Julene Butler
Ph.D. Candidate
Rutgers University
 
jbutler@zodiac.rutgers.edu
=========================================================================
Date:         Fri, 11 Aug 1995 11:38:46 EDT
Reply-To:     Scott Gillies 
Sender:       Electronic Journal Publishing List 
From:         Scott Gillies 
Subject:      preservation of electronic information
 
Hello Group,
 
I have been getting a very enthusiastic response to my questionnaire
regarding electronic information and how institutions and individuals
are dealing with the preservation issues involved.
 
In order to acquire some context for my study, I would like to find
out which resources users use the most or depend on the most.
 
I am interested in which _types_ of resources you use the most
(listservs, e-mail, electronic journals, online databases, etc.) as
well as any specific resources that you consider to be the most useful
or important.  If you are a librarian, I would be interested in how
various patrons (faculty, grads, undergrads, general public, grade
schoolers) use the electronic resources, particularly networked
resources, that you provide.
 
Thanks for the enthusiasm regarding my questionnaire, and keep them
coming in!  They are very useful!  And be sure to tell me how you and
your patrons (when applicable) use electronic resources.  I really
appreciate this.
 
Please reply directly to me!
 
Thanks in advance,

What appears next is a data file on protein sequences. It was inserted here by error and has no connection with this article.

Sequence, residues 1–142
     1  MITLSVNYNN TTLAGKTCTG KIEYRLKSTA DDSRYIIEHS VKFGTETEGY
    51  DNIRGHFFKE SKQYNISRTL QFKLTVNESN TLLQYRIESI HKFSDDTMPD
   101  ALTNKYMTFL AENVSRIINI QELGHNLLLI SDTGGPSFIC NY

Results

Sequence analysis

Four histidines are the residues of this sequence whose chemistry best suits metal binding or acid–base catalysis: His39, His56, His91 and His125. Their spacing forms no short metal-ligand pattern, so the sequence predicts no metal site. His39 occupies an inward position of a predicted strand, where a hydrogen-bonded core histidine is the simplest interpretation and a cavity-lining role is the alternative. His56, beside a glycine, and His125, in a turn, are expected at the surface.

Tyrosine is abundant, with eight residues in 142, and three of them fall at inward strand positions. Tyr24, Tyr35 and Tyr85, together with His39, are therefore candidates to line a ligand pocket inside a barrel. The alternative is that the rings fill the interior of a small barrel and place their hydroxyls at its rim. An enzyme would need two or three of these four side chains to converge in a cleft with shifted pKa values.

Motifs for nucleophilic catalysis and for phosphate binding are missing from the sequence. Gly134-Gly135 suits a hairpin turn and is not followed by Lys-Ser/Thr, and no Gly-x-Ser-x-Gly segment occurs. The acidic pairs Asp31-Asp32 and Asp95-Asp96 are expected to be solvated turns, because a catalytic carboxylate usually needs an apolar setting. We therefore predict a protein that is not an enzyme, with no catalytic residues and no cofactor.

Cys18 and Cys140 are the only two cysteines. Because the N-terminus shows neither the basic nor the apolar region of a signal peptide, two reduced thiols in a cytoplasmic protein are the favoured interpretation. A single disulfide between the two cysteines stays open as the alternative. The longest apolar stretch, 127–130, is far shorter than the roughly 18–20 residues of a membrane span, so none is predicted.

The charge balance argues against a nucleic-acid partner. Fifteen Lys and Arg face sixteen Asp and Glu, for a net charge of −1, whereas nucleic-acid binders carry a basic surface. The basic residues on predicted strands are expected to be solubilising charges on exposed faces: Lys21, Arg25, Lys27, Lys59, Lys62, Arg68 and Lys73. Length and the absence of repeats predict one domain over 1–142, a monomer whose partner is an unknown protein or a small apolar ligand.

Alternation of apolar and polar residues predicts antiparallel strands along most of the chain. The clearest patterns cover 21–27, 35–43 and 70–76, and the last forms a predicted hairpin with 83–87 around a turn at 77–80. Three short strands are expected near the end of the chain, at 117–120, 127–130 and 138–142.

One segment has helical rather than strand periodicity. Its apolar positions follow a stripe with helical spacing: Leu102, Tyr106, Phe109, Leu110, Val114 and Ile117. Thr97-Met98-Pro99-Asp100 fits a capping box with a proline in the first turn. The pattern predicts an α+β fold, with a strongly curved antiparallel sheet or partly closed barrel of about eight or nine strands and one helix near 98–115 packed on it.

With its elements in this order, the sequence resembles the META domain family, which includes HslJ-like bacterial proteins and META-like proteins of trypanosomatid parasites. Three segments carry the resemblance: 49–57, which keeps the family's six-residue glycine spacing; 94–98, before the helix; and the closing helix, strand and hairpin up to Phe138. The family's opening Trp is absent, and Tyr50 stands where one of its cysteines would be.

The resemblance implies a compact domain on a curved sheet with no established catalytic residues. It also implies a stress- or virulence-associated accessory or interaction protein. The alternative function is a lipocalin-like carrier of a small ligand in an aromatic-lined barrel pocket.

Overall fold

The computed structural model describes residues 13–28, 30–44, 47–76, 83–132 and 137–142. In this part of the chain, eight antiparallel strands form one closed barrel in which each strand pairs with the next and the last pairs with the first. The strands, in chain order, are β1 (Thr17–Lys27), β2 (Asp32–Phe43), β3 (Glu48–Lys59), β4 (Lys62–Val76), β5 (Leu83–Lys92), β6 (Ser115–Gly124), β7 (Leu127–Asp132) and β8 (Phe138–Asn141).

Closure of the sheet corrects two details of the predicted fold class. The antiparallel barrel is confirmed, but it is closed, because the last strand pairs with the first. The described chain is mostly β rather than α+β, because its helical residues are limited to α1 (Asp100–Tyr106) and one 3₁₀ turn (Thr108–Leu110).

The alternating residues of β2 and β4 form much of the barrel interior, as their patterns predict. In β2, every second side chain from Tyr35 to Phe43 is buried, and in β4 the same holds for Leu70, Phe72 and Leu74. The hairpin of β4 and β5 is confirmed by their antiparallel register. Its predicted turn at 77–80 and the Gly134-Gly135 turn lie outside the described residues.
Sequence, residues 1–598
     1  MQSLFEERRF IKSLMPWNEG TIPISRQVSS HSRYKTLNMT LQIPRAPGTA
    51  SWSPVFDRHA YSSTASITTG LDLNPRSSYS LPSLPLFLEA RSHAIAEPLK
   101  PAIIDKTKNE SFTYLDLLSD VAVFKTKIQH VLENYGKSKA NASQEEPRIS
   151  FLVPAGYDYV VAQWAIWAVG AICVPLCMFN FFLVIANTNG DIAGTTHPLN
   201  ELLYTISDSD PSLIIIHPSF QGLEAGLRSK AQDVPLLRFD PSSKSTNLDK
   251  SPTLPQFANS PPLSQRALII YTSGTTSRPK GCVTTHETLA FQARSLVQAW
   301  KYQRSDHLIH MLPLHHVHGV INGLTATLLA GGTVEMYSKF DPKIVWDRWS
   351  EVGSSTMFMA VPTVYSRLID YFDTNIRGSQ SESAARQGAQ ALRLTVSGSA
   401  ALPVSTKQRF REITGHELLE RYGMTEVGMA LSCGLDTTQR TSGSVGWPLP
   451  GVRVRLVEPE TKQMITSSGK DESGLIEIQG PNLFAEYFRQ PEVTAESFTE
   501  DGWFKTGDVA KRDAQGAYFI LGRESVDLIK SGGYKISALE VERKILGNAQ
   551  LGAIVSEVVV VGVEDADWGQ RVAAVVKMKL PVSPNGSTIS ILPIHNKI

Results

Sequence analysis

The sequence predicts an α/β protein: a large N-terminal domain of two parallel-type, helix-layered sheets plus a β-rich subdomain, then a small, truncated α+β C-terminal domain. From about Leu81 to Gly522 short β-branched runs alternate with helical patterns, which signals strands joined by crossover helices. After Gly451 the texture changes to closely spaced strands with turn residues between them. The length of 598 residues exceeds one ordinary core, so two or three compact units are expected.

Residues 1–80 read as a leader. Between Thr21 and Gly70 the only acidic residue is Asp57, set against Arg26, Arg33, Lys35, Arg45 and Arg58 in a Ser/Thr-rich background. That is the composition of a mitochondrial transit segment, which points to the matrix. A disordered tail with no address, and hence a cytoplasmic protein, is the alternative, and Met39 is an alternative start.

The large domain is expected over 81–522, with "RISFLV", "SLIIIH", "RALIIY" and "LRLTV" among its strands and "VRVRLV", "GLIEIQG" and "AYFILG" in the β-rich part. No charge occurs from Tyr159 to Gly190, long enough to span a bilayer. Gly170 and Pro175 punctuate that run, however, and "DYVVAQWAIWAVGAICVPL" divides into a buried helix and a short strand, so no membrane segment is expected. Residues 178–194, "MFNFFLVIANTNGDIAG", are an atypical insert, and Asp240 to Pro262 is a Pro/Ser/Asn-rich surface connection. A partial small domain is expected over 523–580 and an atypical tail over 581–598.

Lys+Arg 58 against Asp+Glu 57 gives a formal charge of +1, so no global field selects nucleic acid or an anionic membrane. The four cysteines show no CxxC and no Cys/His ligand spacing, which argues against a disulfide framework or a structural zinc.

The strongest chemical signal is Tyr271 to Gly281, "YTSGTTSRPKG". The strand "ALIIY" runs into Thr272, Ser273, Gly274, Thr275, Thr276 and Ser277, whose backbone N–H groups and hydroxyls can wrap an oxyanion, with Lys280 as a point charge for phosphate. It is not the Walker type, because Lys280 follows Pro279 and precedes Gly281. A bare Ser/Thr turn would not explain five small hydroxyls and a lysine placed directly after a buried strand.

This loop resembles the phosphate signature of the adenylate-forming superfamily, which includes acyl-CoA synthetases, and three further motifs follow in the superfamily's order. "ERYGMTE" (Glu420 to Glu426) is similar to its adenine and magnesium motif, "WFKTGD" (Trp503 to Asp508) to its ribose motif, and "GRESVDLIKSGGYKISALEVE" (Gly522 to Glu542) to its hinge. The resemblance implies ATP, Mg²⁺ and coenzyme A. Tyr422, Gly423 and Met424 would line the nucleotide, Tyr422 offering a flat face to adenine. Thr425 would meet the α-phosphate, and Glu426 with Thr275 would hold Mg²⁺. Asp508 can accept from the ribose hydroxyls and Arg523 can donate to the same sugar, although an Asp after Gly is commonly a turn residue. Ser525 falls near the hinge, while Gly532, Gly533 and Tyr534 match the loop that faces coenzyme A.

Scott Gillies
University of Illinois at Urbana-Champaign
gillies@alexia.lis.uiuc.edu
=========================================================================
Date:         Fri, 11 Aug 1995 11:39:06 EDT
Reply-To:     Brian Gaines 
Sender:       Electronic Journal Publishing List 
From:         Brian Gaines 
Subject:      Re: Archiving mailing lists
 
Bob Jansen says
>
>an interesting notion. DO you see the analogue of Ginsparg's server for
>lists?
 
yes
 
>How should this be funded, since the cost is more than  just the
>hardware?
 
system could be largely automatic mirroring, so cost is incremental
hardware plus use of net both to mirror and to serve
 
most effective way would be for one of the sunsites with good connectivity
to provide this as an additional service -- archives would be registered
for mirroring and the rest would be automatic
 
b.
 
Dr Brian R Gaines               Knowledge Science Institute
                                University of Calgary
gaines@cpsc.ucalgary.ca         Calgary, Alberta, Canada T2N 1N4
403-220-5901  Fax:403-284-4707  http://ksi.cpsc.ucalgary.ca/KSI
=========================================================================
Date:         Fri, 11 Aug 1995 11:39:23 EDT
Reply-To:     Brian Gaines 
Sender:       Electronic Journal Publishing List 
From:         Brian Gaines 
Subject:      Re: Archiving mailing lists
 
Bob Jansen writes:
>
>what about the editorial content. Surely, most of a current list is of
>interest only to current members. Future access misses the context of the
>current entries, a context that would be difficult to reproduce later on.
>well as getting rid of garbage.
>
 
I think one needs to classify list usage. There are some lists with totally
schlalrly content where the entire record is of domain interest. There are
others doing something so significant that the entire list is of historic
interest.
 
Some of the truly ephemeral lists are still of immense psychological,
linguistic and sociological interest as research data. We have the opportunity